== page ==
Report shows Washington as ninth healthiest state

Disease rates are low, heart health is improving and workplace safety is relatively high in Washington State, according to a report released Dec. 10 by the United Health Foundation.

Disease rates are low, heart health is improving and workplace safety is relatively high in Washington State, according to a report released Dec. 10 by the United Health Foundation.

In their annual report entitled ‘America’s Health Rankings,’ the organization provides detailed statistics on health concerns in every state.

Washington State moved up four slots from 2014, ranking as the ninth-healthiest state nationwide, with Hawaii topping the list, and Louisiana coming in last.

Nationwide, adult smoking decreased from 19 to 18.1 percent of the population, and dropped from 16.1 to 15.3 percent in Washington.

People were more active this year too, with national inactivity rates dropping from 25.3 to 22.6 percent of the population. State figures show a decrease in inactivity from 20 to 18.1 percent with the highest rates of inactivity being in people who didn’t finish high school, seniors and those earning under $25,000 a year.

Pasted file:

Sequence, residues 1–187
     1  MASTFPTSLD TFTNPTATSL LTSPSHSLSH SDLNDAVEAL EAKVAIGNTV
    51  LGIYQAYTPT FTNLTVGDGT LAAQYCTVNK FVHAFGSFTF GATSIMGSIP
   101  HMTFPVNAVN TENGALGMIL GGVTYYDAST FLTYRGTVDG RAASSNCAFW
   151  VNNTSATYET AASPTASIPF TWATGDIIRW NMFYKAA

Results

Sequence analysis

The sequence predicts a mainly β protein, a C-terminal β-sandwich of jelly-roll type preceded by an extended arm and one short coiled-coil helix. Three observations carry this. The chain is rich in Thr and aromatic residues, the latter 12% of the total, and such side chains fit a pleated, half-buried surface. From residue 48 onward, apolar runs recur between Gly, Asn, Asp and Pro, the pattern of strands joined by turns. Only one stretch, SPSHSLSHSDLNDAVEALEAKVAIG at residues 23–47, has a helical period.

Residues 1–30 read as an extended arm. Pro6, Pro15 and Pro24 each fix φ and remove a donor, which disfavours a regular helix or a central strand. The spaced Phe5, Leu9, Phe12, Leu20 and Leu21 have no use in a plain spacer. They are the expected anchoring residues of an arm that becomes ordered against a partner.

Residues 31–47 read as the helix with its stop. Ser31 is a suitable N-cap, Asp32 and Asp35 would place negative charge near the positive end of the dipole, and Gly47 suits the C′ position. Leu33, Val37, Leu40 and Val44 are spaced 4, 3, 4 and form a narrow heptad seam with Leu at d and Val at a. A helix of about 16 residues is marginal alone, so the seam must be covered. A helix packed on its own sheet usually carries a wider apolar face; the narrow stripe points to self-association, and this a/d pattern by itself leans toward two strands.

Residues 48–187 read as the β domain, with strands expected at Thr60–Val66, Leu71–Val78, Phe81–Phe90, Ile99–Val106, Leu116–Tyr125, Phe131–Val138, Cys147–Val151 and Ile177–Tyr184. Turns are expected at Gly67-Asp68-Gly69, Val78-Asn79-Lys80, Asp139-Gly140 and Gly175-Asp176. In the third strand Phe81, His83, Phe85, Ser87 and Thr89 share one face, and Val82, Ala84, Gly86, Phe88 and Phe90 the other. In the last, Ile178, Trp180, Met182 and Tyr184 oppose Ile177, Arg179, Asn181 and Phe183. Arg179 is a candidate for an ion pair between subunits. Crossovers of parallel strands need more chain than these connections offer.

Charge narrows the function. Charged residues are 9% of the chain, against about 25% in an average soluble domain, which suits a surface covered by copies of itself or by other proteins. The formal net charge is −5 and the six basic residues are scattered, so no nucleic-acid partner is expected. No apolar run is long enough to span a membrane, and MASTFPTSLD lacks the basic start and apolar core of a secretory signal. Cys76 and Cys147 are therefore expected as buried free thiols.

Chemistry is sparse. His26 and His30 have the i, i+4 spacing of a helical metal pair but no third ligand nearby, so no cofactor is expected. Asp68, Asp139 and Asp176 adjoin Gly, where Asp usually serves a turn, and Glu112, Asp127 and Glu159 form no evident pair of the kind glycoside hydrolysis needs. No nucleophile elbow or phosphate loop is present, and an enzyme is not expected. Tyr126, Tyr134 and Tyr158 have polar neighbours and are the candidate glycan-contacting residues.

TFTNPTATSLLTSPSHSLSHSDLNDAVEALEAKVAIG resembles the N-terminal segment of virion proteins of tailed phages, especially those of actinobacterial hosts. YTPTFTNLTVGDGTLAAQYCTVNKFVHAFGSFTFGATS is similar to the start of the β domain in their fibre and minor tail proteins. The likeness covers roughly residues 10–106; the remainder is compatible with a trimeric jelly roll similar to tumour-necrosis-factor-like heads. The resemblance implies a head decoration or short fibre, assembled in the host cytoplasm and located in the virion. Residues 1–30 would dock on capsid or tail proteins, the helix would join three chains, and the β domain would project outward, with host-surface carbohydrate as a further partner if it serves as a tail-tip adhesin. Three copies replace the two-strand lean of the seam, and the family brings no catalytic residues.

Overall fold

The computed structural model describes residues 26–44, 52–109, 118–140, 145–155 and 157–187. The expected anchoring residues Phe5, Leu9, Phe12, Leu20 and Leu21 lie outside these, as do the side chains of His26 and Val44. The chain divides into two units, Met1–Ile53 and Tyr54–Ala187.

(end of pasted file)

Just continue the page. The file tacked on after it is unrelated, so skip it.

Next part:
Drug related deaths are down in the state from the five-year high of 15.9 deaths per 100,000 in 2012, but still remain at 14.1 deaths per 100,000, higher than the national average of 13.5 deaths per 100,000.

More people are hitting the bottle in 2015 with 18.8 percent of adults reporting excessive drinking, which includes binge and dependent drinking patterns, up from 18.4 percent last year.

Another area the state is lagging child immunizations, with only 67.4 percent of Washingtonian children receiving vaccines, compared with the highest state at 84.7 percent.

Childhood poverty has increased from 11.8 percent in 1990 to 16.8 percent in 2015 statewide, nationally the number rose from 19.9 to 21.1 percent of children living in poverty.

Washington had the sixth-lowest combined numbers of chlamydia, salmonella and pertussis ranking 13th for chlamydia, 30th for pertussis but 4th lowest for salmonella cases per 100,000.

Washington was the third-safest state for workers, with only 2.6 deaths per 100,000 workers in 2015.

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